This post is about the top 3 mistakes made and lessons learned in making my recent Starship image in Blender. Hence it is probably not the most exciting of posts. This said, I always feel the need to share such things with others in case anyone cares to learn from my mistakes. So here goes.
Failing to plan is planning to fail
An oldy but a goody. As anyone who has read my previous posts knows, I usually (not always, but usually) like to have some sort of plan as to what I am designing. In this case, I was a bit weary from struggling with the art nouveau door and wanted something “fun”. I had always felt that my last spaceship had been a disappointment. So I just leaped into Blender and threw together a spaceship, with the vague inspiration of 1970s Chriss Foss book covers. Once I was half-way through, I started changing things because I really had no idea where I was going. The final product is, therefore, a bit of a hodge-podge. I like to believe that I should have come up with a 2D design/blueprint and then worked from that.
Model objects in a separate file to the scene file
When I started changing the design, and later adding greebles etc, I had already positioned the ship at an angle. This created all sorts of irritations for me as I tried to fit to the angle at which the ship now floated. Had I left the ship at the original angle and placement then adding objects would have been a lot less painful. So in future I will model ships, create environments and then bring both into new Blend files.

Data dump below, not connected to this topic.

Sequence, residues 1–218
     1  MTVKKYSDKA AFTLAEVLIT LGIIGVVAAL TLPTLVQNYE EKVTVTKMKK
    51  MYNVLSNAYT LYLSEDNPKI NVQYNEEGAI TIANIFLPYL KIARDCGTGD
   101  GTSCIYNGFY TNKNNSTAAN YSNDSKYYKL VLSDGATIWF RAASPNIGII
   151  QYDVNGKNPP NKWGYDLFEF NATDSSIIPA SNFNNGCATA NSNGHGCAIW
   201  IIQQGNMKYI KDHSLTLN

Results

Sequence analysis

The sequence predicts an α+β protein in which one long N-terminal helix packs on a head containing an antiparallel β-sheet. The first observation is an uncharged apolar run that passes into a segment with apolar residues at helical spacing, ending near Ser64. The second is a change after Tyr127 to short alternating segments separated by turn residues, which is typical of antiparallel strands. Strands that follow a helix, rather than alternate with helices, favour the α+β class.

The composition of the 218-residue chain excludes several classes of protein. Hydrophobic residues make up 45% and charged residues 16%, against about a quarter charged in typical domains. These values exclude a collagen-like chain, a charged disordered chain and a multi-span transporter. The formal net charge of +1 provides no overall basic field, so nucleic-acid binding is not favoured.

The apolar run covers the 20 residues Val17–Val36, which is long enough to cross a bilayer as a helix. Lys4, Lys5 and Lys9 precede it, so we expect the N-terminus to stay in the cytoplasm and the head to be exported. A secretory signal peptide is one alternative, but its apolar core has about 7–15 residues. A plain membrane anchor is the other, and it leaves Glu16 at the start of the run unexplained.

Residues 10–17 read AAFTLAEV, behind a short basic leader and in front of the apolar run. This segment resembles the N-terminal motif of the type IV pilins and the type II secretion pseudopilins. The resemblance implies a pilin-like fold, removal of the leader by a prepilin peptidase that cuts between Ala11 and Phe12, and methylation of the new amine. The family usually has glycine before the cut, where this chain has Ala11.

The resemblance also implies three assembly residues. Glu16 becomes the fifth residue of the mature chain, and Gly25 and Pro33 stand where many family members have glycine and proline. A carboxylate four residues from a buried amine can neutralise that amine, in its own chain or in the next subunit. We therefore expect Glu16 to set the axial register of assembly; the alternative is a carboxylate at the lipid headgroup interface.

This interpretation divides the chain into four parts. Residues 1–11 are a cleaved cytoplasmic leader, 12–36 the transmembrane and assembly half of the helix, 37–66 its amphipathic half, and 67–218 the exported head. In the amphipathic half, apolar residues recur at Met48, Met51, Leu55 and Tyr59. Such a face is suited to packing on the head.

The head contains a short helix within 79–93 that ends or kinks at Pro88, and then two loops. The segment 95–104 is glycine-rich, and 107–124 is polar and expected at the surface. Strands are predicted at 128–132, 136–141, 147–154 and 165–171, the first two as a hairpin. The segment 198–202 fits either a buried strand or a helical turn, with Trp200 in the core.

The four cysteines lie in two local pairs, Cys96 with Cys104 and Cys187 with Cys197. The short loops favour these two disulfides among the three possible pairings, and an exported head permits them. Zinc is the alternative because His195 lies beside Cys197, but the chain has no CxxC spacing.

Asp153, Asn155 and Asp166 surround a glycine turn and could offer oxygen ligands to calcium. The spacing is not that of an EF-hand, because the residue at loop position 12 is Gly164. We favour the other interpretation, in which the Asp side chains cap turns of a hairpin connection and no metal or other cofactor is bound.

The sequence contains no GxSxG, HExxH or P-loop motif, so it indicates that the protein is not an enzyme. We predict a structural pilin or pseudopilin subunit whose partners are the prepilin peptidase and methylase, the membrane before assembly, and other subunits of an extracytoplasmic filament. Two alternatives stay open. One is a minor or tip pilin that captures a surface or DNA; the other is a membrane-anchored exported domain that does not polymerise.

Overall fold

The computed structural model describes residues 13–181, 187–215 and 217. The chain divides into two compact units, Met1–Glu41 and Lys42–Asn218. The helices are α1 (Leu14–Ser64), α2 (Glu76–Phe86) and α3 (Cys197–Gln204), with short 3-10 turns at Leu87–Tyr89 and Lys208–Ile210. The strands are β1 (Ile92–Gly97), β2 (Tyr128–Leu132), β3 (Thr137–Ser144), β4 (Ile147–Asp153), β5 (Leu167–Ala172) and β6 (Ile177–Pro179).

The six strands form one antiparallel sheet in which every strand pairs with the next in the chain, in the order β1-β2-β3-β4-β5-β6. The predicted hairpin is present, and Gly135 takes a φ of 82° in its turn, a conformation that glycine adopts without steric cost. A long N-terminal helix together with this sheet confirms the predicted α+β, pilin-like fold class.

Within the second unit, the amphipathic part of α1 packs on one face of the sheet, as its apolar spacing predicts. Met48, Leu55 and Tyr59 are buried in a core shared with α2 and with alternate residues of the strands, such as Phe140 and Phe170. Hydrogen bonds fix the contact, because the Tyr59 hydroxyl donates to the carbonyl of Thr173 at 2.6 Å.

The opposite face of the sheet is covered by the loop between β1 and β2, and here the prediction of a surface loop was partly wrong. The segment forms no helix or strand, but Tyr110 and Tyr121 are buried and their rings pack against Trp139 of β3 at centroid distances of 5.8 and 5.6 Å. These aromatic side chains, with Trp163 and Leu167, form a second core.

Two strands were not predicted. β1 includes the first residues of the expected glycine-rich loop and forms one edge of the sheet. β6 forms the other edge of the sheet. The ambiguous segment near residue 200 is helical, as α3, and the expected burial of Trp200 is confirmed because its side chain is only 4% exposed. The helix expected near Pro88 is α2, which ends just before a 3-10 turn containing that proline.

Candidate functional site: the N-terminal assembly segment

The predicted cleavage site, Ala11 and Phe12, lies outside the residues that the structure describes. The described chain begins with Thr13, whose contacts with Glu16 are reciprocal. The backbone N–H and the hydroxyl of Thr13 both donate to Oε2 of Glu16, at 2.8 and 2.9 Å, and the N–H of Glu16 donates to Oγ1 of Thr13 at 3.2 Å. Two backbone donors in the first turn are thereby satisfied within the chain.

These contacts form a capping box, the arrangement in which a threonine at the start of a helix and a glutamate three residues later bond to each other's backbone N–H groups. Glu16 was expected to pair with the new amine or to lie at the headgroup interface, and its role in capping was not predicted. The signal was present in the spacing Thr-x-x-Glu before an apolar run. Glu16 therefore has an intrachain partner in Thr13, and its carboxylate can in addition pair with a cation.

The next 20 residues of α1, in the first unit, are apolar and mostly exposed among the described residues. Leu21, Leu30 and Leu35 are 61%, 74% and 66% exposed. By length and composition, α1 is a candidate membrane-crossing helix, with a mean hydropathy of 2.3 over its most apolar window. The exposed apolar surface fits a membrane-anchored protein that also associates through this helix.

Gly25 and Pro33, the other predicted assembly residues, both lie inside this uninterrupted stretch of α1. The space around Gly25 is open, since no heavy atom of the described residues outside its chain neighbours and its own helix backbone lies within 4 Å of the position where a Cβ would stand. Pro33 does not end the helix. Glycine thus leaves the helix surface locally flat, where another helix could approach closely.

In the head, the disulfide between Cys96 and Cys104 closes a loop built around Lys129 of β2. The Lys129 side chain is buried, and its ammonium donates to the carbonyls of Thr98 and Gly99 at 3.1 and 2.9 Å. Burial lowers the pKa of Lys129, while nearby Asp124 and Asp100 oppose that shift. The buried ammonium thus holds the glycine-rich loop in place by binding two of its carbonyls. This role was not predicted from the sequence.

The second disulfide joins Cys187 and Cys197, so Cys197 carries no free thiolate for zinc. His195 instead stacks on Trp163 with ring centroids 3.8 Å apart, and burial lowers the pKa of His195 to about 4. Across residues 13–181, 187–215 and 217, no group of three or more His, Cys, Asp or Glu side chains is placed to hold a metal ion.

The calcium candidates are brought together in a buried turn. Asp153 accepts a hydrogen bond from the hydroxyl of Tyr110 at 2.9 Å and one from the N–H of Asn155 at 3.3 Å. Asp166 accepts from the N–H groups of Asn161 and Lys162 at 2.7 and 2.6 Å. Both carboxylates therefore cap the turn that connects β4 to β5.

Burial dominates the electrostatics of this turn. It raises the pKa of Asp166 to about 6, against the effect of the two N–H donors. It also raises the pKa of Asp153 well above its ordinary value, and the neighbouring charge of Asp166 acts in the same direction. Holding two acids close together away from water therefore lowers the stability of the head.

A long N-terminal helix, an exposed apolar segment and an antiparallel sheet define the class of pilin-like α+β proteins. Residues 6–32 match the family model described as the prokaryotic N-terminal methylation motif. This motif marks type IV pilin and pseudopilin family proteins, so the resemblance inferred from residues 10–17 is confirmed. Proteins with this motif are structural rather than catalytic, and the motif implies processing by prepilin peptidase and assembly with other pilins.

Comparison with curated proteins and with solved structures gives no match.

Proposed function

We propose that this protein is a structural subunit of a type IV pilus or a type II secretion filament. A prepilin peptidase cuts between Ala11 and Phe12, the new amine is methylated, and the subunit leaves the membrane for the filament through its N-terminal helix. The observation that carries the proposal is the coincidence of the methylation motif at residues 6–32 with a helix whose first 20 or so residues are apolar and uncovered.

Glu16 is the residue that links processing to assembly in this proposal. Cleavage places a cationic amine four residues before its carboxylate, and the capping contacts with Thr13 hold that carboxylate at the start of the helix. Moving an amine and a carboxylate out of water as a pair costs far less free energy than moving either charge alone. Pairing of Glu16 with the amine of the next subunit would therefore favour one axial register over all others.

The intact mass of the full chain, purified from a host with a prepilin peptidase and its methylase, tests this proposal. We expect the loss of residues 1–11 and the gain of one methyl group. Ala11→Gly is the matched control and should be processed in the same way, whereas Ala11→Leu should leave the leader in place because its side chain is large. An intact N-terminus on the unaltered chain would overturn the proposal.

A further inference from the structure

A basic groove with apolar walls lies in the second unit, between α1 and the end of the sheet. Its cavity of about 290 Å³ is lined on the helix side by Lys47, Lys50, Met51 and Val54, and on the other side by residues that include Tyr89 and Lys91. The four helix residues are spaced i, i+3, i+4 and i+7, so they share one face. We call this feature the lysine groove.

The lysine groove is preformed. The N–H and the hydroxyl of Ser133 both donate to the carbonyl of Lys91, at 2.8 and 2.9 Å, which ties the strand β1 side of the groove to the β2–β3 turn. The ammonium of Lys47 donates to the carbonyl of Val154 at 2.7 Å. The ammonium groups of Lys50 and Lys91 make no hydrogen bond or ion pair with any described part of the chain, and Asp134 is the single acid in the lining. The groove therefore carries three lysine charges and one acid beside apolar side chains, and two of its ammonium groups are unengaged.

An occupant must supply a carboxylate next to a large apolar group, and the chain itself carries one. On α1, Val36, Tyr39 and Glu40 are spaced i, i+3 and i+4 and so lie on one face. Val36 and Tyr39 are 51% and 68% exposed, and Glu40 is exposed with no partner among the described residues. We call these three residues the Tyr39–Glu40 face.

Back in the late 1990s, I was a computer programmer and I used software that managed each version of my programming files. This meant that if I stuffed things up, then I could easily look back at an earlier version. I wish I had done that with this project. At least twice I stuffed things up but could not look back. The worst time was at the end. Just after this render I decided to radically change my lighting settings (not placements, just settings). I ended up with a really crappy render. But when I tried to undo those settings I realised that I could not remember my original settings and I had overwittenÂ the actual file. Eeek! So I have downloaded GitÂ (a free file versioning product) and I am looking into using that. Hence with every change I will save a version. Upon a satisfactory completion, I can then backup the files to a DVD.
These then are my top three lessons learned from my most recent work. Hope someone found it useful.